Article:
I have studied various Christian objects passed down in these villages, especially seigan, Christian shrines which are containers for holy Christian paintings including images of Christ or Madonna and Child, to explore the reality of Christian belief in Japan. The seigan passed down in these areas are simply coated with black urushi lacquer. This fact and their history obviously show that they were made for domestic believers. Conversely, seigan, categorized as Namban lacquer with the same shape but with gorgeous makie and mother-of-pearl decorated, which were ordered to Japanese workshops by Europeans for export to Europe and Latin America, are also recognized. These two types of seigan show distinct differences despite sharing the same function as Christian objects. The sacred paintings stored in these seigan are associated with its frame with a western conjunction structure, supposed to be made of ebony, and with its frame decorated with makie and made in Japan respectively. These facts imply important questions regarding their backgrounds and manufacturing techniques. Conversely, the zushi exhibits an ivory-made crucifixion on the black cross possibly made of ebony. However, either this crucifixion or zushi have attracted almost no attentions so far and neither their original manufacturing place nor date are yet identified.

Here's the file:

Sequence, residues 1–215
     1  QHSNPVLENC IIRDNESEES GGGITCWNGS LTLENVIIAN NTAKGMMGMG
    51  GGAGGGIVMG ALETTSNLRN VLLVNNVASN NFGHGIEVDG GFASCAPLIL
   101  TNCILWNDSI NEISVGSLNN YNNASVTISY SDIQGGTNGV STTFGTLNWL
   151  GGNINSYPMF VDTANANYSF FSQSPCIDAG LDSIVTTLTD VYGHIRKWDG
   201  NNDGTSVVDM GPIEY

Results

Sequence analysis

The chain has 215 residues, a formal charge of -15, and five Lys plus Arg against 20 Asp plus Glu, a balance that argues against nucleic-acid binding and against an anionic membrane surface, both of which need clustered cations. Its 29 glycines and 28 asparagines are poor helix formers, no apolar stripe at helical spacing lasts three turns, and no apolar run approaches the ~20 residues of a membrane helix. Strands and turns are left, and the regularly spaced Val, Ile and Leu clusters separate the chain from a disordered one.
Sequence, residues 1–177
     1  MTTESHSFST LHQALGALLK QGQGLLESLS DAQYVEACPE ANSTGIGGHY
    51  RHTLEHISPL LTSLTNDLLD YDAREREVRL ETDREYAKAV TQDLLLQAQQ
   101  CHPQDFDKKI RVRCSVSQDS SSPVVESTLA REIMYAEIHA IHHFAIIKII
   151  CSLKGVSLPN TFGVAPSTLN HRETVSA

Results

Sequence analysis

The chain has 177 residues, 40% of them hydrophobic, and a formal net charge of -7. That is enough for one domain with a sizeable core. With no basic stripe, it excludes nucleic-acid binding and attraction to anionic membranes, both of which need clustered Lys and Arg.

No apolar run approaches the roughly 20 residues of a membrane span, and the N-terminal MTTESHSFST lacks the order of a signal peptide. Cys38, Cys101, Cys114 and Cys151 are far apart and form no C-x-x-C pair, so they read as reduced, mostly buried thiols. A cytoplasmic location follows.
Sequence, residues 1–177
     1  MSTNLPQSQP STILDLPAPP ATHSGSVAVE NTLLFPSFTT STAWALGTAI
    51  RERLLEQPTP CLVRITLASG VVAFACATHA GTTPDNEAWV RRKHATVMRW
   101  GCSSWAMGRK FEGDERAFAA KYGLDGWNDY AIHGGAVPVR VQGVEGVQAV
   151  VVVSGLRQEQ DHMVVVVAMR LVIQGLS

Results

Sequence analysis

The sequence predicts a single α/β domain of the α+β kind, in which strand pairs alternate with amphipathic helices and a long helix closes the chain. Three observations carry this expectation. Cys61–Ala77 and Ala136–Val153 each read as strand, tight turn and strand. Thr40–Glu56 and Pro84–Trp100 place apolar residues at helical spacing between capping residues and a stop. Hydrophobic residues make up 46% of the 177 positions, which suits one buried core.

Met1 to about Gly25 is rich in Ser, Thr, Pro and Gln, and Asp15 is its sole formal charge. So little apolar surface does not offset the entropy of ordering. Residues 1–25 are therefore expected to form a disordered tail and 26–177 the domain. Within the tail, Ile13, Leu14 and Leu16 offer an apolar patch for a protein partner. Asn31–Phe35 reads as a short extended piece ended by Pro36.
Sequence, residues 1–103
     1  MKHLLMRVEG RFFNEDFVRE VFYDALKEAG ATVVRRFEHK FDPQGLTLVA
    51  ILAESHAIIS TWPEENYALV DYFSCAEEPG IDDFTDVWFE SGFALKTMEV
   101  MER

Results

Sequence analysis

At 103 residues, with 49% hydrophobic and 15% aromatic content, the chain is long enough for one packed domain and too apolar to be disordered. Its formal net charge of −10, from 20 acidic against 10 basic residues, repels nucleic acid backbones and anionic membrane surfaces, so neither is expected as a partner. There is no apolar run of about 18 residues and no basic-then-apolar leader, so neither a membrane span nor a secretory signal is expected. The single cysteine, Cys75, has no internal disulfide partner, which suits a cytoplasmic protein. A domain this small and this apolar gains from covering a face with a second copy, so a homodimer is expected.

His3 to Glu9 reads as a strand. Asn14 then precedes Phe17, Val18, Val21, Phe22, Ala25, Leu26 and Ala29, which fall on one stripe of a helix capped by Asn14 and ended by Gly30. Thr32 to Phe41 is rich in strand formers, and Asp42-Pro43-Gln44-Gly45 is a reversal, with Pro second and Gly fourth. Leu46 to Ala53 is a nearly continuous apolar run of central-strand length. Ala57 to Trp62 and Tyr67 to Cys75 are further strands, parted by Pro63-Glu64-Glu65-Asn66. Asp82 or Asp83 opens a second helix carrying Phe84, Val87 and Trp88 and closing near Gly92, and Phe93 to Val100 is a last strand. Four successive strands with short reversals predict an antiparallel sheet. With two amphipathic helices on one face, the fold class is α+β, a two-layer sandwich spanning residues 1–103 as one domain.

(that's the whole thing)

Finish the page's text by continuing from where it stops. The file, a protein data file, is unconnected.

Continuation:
This lecture featured the reality of these seigan and zushi; and the ways of Christian acceptance and its religion in Japan from the Momoyama period to the early Edo period, which were revealed through the studies of these seigan and zushi. Approximately 40 participants who were selected by lot during another peak of the COVID-19 pandemic enthusiastically asked questions. I sensed a great interest in Christian culture and history during this time.
The Christian culture and related relics passed down in these areas are precious and unique historic milestones. I would like to further conduct this research and disseminate the outcomes.
Introduction in the conference room
Explanation about the auction catalogue digital archive
The Tokyo National Research Institute for Cultural Properties (TOBUNKEN) introduced the guidance for TOBUNKEN Library with 14 graduate students of Gakushuin University (led by Prof. SARAI Mai and Prof. SHIMAO Arata) on July 1st. At the beginning of this guidance session, KIKKAWA Hideki explained how to use the library and how the collection was developed in the conference room on the second floor of TOBUNKEN. We then moved to the library and its stack rooms, where our staff introduced various materials including the Auction Catalogue Digital Archive, investigational photographs of cultural properties, and auction catalogues. The participants handled the digital archives, held the books and photos, listened to the explanations, and actively asked questions from the viewpoint of how they could utilize them for their own research.